The Lantern, by Deborah Lawrenson

>> Wednesday, September 21, 2011

TITLE: The Lantern
AUTHOR: Deborah Lawrenson

PAGES: 344

SETTING: Contemporary Southern France
TYPE: Gothic romance

When Eve falls for the secretive, charming Dom, their whirlwind relationship leads them to purchase Les Genevriers, an abandoned house in a rural hamlet in the south of France. As the beautiful Provence summer turns to autumn, Eve finds it impossible to ignore the mysteries that haunt both her lover and the run-down old house, in particular the mysterious disappearance of his beautiful first wife, Rachel.

Whilst Eve tries to untangle the secrets surrounding Rachel's last recorded days, Les Genevriers itself seems to come alive. As strange events begin to occur with frightening regularity, Eve's voice becomes intertwined with that of Benedicte Lincel, a girl who lived in the house decades before. As the tangled skeins of the house's history begin to unravel, the tension grows between Dom and Eve. In a page-turning race, Eve must fight to discover the fates of both Benedicte and Rachel, before Les Genevriers' dark history has a chance to repeat itself.
Lazy day again, and the description above is pretty good, so I'm not going to bother with my own (this review is long enough, anyway!). Go ahead and read it, I'll wait.

Done? Well, if you read even that short summary, you problably don't need me to tell you that The Lantern owes much to Rebecca ( ). There's a whirlwind relationship with a man the heroine doesn't know all that much about before they marry (in this case, begin living together). There's the very distinctive house in an area unfamiliar to the heroine, where she doesn't have any sort of support network. There's the big mystery involving the first wife, something that's clearly still having an effect on the man. And once you start reading, the similarities keep piling up. We've got a heroine whose real name we never find out (Eve is just a nickname Dom has come up with). The action even starts with Eve and Dom in some sort of exile, with Eve making dire remarks about knowing that your man has done a bad, bad thing, and then goes back and tells the story that brought them there.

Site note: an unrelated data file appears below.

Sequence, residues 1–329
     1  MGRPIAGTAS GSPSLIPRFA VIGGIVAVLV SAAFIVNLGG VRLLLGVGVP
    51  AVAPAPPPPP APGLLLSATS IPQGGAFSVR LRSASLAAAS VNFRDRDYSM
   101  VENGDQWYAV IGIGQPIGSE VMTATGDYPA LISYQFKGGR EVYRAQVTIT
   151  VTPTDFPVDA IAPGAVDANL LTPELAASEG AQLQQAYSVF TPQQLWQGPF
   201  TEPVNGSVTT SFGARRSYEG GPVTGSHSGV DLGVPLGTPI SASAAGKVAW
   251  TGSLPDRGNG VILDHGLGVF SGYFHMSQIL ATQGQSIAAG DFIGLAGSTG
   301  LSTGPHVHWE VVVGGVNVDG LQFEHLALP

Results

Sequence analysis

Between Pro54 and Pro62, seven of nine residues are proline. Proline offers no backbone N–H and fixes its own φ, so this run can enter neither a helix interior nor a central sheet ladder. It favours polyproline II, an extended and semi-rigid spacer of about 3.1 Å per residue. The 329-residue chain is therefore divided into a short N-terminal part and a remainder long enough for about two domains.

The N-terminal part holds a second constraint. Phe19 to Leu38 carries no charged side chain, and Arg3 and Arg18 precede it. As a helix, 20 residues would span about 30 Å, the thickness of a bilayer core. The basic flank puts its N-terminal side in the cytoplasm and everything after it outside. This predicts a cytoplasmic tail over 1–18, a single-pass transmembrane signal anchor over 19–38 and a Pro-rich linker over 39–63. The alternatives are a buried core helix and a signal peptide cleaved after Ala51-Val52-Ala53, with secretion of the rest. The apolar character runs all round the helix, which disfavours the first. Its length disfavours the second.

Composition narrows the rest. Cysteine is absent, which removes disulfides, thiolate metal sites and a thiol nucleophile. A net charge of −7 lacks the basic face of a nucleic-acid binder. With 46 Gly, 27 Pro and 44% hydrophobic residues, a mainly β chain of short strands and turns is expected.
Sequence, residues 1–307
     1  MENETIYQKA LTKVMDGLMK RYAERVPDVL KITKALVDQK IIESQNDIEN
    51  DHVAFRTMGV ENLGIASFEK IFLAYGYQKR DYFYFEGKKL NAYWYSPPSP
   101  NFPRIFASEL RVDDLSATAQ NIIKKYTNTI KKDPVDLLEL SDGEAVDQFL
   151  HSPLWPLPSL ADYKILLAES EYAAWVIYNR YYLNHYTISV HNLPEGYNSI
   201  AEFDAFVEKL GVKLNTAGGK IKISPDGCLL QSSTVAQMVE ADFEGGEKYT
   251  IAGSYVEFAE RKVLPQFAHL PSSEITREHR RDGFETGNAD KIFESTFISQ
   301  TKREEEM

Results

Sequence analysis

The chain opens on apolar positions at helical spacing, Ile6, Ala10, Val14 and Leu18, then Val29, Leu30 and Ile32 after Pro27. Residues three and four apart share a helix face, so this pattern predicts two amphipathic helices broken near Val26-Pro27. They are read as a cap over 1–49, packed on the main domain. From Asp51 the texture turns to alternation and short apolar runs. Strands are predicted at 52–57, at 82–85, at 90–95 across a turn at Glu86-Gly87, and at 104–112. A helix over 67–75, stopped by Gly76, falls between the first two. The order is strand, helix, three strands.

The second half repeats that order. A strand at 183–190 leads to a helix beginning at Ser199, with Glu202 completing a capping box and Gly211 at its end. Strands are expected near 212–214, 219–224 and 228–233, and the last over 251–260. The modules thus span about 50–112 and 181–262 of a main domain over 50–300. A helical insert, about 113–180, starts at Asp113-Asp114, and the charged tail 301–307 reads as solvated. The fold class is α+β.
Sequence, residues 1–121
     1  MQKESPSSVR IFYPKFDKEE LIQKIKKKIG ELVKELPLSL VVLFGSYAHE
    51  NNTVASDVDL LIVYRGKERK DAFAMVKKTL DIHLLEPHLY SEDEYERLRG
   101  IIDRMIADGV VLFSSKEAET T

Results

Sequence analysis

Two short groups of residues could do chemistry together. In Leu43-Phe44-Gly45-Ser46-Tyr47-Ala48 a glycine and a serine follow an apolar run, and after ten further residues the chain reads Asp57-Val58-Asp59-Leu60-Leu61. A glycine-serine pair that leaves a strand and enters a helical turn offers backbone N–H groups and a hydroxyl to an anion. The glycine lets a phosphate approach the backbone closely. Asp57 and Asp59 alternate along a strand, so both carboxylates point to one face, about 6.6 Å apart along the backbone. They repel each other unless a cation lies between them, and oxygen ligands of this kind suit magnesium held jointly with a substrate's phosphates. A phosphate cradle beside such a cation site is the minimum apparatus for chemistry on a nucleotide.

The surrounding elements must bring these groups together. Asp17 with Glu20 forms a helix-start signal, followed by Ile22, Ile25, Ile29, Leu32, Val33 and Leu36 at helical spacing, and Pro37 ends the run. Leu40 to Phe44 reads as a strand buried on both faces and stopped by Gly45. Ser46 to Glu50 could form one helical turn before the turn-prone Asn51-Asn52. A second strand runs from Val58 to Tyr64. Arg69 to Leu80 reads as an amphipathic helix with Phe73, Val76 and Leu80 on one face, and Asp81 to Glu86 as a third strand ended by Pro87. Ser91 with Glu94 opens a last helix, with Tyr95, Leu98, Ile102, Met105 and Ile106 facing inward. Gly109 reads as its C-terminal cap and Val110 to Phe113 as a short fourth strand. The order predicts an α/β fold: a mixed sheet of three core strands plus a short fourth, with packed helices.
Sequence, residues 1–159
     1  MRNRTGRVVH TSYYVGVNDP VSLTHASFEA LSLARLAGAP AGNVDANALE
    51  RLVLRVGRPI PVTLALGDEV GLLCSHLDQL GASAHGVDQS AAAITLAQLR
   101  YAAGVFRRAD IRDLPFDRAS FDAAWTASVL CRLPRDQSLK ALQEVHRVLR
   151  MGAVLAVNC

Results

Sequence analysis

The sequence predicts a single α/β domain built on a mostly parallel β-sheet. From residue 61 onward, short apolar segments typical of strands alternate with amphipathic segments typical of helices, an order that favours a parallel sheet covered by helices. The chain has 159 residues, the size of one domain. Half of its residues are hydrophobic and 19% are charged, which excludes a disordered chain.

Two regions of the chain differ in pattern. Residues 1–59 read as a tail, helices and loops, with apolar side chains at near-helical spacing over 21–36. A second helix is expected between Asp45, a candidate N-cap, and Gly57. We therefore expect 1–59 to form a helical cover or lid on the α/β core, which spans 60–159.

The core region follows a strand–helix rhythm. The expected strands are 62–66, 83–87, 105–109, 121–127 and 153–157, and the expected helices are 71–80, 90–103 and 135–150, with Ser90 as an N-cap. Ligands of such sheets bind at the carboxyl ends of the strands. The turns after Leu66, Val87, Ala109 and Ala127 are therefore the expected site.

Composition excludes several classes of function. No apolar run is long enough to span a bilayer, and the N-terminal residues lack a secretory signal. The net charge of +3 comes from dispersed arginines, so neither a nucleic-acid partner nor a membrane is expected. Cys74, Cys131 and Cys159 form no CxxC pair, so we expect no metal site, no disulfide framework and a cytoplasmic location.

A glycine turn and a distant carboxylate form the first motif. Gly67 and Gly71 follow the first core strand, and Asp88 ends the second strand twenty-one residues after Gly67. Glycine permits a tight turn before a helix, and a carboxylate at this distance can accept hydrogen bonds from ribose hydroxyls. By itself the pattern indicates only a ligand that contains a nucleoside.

Similarities or not, this was not a problem for me. The author freely acknowledges the inspiration, and then makes the story completely her own, taking it in a completely different direction. It's an homage, rather than a rewriting. There's the story of the previous residents of the house, but not only that, the relationship between Eve and Dom is quite different. Plus, it helps that there is no Mrs. Danvers, I guess!

So all that said, how did the story work? The answer is that I kind of liked it, on the whole, but there's a big central issue that was very close to making the book a complete failure. It's the fact that the conflict in Eve and Dom's relationship is based on non-communication. You see, Dom refuses to say anything at all about his former wife, Rachel, and asks Eve not to ask him any questions about her. Eve accepts this, grudgingly, but then can't resist digging around for answers.

My main issue was that the whole thing went too far beyond what would be reasonable without any woman insisting that Dom explained himself. We therefore had a situation where I was thinking badly of both characters:

With Dom, I was thinking that I could imagine no possible secret that excused being so damned mysterious, especially when he had to be aware that the woman he supposedly loved felt the need to know. I mean, there's this scene when he just starts crying and then refuses to say why. After something like that, there are two options: a) your girlfriend doesn't give a shit about you, and therefore doesn't feel the need to know what's wrong, or b) your girlfriend loves you, and is therefore being torn apart by not understanding what's happening to you. Given that, Dom's insistence on keeping quiet seems cruel, because he knows a) is not the case. To be fair, when we finally find out what Dom's big secret was, it is properly traumatic, and something big enough that it seems credible it would have screwed up with Dom in a major way. Enough to justify his actions during the book? There was much disagreement about that during the book club discussion.